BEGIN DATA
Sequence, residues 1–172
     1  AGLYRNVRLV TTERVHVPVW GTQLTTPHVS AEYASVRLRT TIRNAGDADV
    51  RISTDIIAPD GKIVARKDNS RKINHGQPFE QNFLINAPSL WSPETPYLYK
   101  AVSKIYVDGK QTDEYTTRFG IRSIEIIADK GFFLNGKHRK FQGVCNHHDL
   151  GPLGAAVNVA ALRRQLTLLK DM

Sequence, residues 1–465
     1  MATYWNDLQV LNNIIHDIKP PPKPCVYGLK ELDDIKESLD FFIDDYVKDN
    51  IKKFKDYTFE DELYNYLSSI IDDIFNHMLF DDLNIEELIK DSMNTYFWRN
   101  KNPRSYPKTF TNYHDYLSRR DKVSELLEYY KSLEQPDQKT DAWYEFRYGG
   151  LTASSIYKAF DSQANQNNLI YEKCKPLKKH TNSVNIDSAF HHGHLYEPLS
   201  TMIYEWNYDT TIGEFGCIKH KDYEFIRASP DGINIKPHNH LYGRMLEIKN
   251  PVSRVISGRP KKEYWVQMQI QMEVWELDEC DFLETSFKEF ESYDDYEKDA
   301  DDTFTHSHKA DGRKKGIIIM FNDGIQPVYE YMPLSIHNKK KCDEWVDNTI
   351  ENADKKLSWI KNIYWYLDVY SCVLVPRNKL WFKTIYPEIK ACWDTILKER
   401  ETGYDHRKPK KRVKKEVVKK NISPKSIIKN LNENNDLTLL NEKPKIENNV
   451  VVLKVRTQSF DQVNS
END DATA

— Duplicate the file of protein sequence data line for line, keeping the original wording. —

Sequence, residues 1–172
     1  AGLYRNVRLV TTERVHVPVW GTQLTTPHVS AEYASVRLRT TIRNAGDADV
    51  RISTDIIAPD GKIVARKDNS RKINHGQPFE QNFLINAPSL WSPETPYLYK
   101  AVSKIYVDGK QTDEYTTRFG IRSIEIIADK GFFLNGKHRK FQGVCNHHDL
   151  GPLGAAVNVA ALRRQLTLLK DM

Sequence, residues 1–465
     1  MATYWNDLQV LNNIIHDIKP PPKPCVYGLK ELDDIKESLD FFIDDYVKDN
    51  IKKFKDYTFE DELYNYLSSI IDDIFNHMLF DDLNIEELIK DSMNTYFWRN
   101  KNPRSYPKTF TNYHDYLSRR DKVSELLEYY KSLEQPDQKT DAWYEFRYGG
   151  LTASSIYKAF DSQANQNNLI YEKCKPLKKH TNSVNIDSAF HHGHLYEPLS
   201  TMIYEWNYDT TIGEFGCIKH KDYEFIRASP DGINIKPHNH LYGRMLEIKN
   251  PVSRVISGRP KKEYWVQMQI QMEVWELDEC DFLETSFKEF ESYDDYEKDA
   301  DDTFTHSHKA DGRKKGIIIM FNDGIQPVYE YMPLSIHNKK KCDEWVDNTI
   351  ENADKKLSWI KNIYWYLDVY SCVLVPRNKL WFKTIYPEIK ACWDTILKER
   401  ETGYDHRKPK KRVKKEVVKK NISPKSIIKN LNENNDLTLL NEKPKIENNV
   451  VVLKVRTQSF DQVNS